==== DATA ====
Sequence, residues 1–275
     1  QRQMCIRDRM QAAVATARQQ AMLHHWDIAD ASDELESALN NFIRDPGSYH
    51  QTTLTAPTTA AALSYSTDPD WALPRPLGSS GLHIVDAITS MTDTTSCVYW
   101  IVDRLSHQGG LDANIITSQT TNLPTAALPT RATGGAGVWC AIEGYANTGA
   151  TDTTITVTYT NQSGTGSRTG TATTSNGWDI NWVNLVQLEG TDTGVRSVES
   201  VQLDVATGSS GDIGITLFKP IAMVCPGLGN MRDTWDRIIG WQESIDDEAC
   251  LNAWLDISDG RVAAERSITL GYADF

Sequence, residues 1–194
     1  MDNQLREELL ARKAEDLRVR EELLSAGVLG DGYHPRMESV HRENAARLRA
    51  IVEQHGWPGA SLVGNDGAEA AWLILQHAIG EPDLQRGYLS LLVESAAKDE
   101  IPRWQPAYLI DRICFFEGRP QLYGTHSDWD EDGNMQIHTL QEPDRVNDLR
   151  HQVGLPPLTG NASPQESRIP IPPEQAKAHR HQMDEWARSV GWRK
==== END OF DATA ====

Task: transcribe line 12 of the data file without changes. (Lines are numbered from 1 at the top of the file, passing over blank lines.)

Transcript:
   151  HQVGLPPLTG NASPQESRIP IPPEQAKAHR HQMDEWARSV GWRK